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The Role of Vasopressin in the Social Deficits of Autism

This study is currently recruiting participants.
See Contacts and Locations
Verified April 2017 by Antonio Hardan, Stanford University
Sponsor:
Collaborator:
National Institute of Mental Health (NIMH)
Information provided by (Responsible Party):
Antonio Hardan, Stanford University
ClinicalTrials.gov Identifier:
NCT01962870
First received: October 8, 2013
Last updated: April 24, 2017
Last verified: April 2017
October 8, 2013
April 24, 2017
October 2013
June 2017   (Final data collection date for primary outcome measure)
Change from baseline in parent rated Social Responsiveness Scale (SRS) scores during treatment. [ Time Frame: 4-week ]
Same as current
Complete list of historical versions of study NCT01962870 on ClinicalTrials.gov Archive Site
  • Change from baseline on the Dosage Record Treatment Emergent Symptom Scale (DOTES) scores during treatment. [ Time Frame: 30 minutes, 1-week, 2-week, 3-week, 4-week ]
  • Change from baseline in heart rate. [ Time Frame: 30 minutes, 1-week, 2-week, 3-week, 4-week ]
  • Change from baseline in Clinical Global Impression (CGI) scores during treatment. [ Time Frame: 4-week ]
  • Change from baseline in parent rated Aberrant Behavior Checklist (ABC) scores during treatment. [ Time Frame: 4-week ]
  • Change from baseline in parent rated Spence Children's Anxiety Scale (SCAS) during treatment. [ Time Frame: 4-week ]
  • Change from baseline in parent rated Repetitive Behavior Scale Revised (RBS-R) scores during treatment. [ Time Frame: 4-week ]
  • Change from baseline in parent rated Pediatric Quality of Life (PedQL) inventory scores during treatment. [ Time Frame: 4-week ]
  • Change from baseline in Vineland Adaptive Behavior Scales Second Edition (VABS-II) - Social and Communication subscales. [ Time Frame: 4-week ]
  • Change from baseline in laboratory based facial emotion recognition abilities during treatment. [ Time Frame: 30 minutes, 4-week ]
  • Change from baseline in laboratory based eye-gaze to social cues during treatment. [ Time Frame: 30 minutes, 4-week ]
  • Change from baseline in Reading the Mind in the Eyes Test, child version (RMET-child) scores during treatment. [ Time Frame: 30 minutes, 4-week ]
  • Change from baseline in laboratory based social mimicry abilities during treatment. [ Time Frame: 30 minutes, 4-week ]
  • Change from baseline in a Developmental Neuropsychological Assessment, Second Edition. (NEPSY-II) Social Perception and Memory for Faces & Names subscales scores during treatment. [ Time Frame: 30 minutes, 4-week ]
  • Change from baseline in plasma vasopressin levels during treatment. [ Time Frame: 4-week ]
  • Change from baseline in clinical chemistry labs (NA+, K+, Cl-, BUN). [ Time Frame: 1-week, 2-week, 4-week ]
  • Change from baseline in the Awareness of Social Inference Test Revised (TASIT-R) scores during treatment. [ Time Frame: 30 minutes, 4-week ]
  • Change from baseline on the Overt Aggression Scale (OAS) during treatment. [ Time Frame: 30 minutes, 1-week, 2-week, 3-week, 4-week ]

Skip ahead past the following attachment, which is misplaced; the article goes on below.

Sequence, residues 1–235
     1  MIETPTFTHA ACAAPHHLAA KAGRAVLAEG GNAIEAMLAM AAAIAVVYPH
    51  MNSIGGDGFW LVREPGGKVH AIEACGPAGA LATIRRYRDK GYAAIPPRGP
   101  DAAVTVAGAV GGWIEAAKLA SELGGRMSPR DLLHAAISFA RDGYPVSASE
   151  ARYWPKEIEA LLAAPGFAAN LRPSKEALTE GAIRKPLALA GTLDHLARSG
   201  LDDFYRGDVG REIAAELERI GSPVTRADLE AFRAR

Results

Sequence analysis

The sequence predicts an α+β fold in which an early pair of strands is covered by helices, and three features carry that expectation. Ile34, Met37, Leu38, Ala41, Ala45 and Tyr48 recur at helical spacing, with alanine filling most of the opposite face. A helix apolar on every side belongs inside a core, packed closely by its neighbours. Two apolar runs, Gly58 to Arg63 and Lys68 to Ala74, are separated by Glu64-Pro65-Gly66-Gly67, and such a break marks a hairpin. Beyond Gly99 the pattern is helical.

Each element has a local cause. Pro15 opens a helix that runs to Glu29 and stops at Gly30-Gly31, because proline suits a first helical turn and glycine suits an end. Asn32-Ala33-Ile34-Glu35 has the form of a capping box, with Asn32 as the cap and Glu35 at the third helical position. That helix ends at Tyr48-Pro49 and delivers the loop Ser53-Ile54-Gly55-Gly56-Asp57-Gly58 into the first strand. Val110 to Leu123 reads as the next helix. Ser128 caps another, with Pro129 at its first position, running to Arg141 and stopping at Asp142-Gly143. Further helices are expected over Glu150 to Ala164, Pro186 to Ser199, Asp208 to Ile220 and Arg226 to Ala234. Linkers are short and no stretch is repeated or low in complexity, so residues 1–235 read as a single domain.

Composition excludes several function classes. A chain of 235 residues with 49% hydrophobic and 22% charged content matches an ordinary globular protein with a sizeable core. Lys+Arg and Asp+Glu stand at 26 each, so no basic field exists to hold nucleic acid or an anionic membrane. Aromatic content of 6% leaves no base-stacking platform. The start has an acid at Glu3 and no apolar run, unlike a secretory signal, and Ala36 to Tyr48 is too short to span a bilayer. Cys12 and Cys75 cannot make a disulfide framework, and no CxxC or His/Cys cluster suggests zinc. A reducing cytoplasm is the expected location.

• Change from baseline in blood pressure. [ Time Frame: 30 minutes, 1-week, 2-week, 3-week, 4-week ]
  • Change from baseline in body temperature. [ Time Frame: 30 minutes, 1-week, 2-week, 3-week, 4-week ]
  • Change from baseline in body mass index. [ Time Frame: 1-week, 2-week, 3-week, 4-week ]
Same as current
Not Provided
Not Provided
 
The Role of Vasopressin in the Social Deficits of Autism
Randomized Placebo-controlled Trial of Vasopressin Treatment for Social Deficits in Children With Autism
Researchers at the Stanford University School of Medicine are seeking participants for a study examining the effectiveness of vasopressin, a neuropeptide, in treating children with autism spectrum disorder. Difficulty with social interactions is characteristic of people with autism, who often have problems interpreting facial expressions or maintaining eye contact while talking with someone. There are currently no effective medicines available to treat social problems in individuals with autism. Neuropeptides, such as vasopressin and oxytocin, are molecules used by neurons in the brain to communicate with one another. Vasopressin is closely related to oxytocin, which is currently being tested as a treatment for autism, and has been shown to enhance social functioning in animals. Animal studies have shown that when the proper functioning of vasopressin is experimentally altered, animals develop a variety of social deficits, including impaired memory for peers and a reduced interest in social interaction. Researchers found that when vasopressin was administered to mice with a genetically induced form of autism, their social functioning improved. Vasopressin is already approved by the Food and Drug Administration for use in humans, and has proved to be a successful treatment for some common pediatric conditions, including bedwetting. Similar to oxytocin, it also has been shown to improve social cognition and memory in people who do not have autism. The researchers will test the effects of vasopressin on social impairments in 50 boys and girls with autism, ages 6 to 12 years old. The study will last four weeks for each participant. Participants will receive either vasopressin or a placebo nasal spray. At the end of this phase of the study, those who received the placebo will have the option of participating in a four-week trial during which they will be given vasopressin. Stanford is the only site for the study. Participants do not need to live locally but will need to come to the Stanford University Department of Psychiatry and Behavioral Sciences for study visits.